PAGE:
Sharing information for a safer Texas: TDCJ's Emergency Action Center.

Author:Miller, Debra T.
Position:CT FEATURE - Texas Department of Criminal Justice
 
FREE EXCERPT

A 4 a.m. call from the warden at a secure state correctional facility informs the Emergency Action Center (EAC) that there has been an escape. With that single call, key administrative and security personnel from the Texas Department of Criminal Justice (TDCJ) are contacted, a command center is established and vital information on the incident is recorded. Thirty minutes later another call comes in, this one from the governor's Division of Emergency Management in Austin, Texas. It informs the agency that the hurricane in the Gulf of Mexico is intensifying and evacuation of prisons along the coast may be necessary. So begins the day in EAC.

Critical incidents are inherent in the correctional setting. Public, staff and offender safety are always at the forefront of correctional administration decisions. How quickly the right personnel are notified and action is taken is critical to successfully controlling a situation. EAC focuses on minimizing risks associated with serious and unusual incidents through the sharing of crucial information. It maintains a 24-hour communications link between the executive administration staff with operating responsibility, the correctional facility/department staff, Texas Board of Criminal Justice (the governing body for TDCJ), and other state and federal agencies. This information management process disseminates essential information in an effective and timely manner, providing real-time reporting of what is occurring at secure facilities. It provides regional directors, deputy directors and the prison director with a fluid communication tool for disseminating information to staff, setting expectations and guaranteeing accountability regarding the many critical incidents that occur daily in correctional facilities.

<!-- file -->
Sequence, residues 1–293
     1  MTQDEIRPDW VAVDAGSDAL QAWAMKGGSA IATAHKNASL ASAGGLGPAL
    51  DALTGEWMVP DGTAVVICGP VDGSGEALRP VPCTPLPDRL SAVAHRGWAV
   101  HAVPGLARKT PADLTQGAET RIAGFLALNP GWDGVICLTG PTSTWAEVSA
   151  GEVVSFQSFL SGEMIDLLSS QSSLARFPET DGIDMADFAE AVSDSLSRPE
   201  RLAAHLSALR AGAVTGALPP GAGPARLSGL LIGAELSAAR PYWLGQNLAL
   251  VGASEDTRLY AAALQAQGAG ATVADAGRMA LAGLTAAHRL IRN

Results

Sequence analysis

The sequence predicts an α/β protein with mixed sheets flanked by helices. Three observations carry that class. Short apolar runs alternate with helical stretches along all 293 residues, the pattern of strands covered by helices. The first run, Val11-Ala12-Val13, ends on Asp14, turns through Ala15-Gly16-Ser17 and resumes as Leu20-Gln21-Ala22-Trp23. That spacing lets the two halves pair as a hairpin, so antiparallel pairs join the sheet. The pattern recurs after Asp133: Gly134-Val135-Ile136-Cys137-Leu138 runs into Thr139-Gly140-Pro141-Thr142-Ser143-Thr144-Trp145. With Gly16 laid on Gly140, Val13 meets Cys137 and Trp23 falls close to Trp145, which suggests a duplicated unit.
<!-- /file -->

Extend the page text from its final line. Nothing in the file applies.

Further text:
Reporting Requirements

All units, except local probation facilities, are required to report incidents to EAC as soon as possible, but no later than three hours from the time the incident occurred or when unit administration becomes aware that a reportable incident has occurred. The unit has an additional three hours to submit a written summary of the incident to EAC. Following the guidelines set forth in the EAC Notification Handbook, EAC staff then decide who should be notified. Incidents that require immediate notification of the executive director, division directors, deputy directors, appropriate regional directors or department personnel include offender escapes, homicides, hostage situations...

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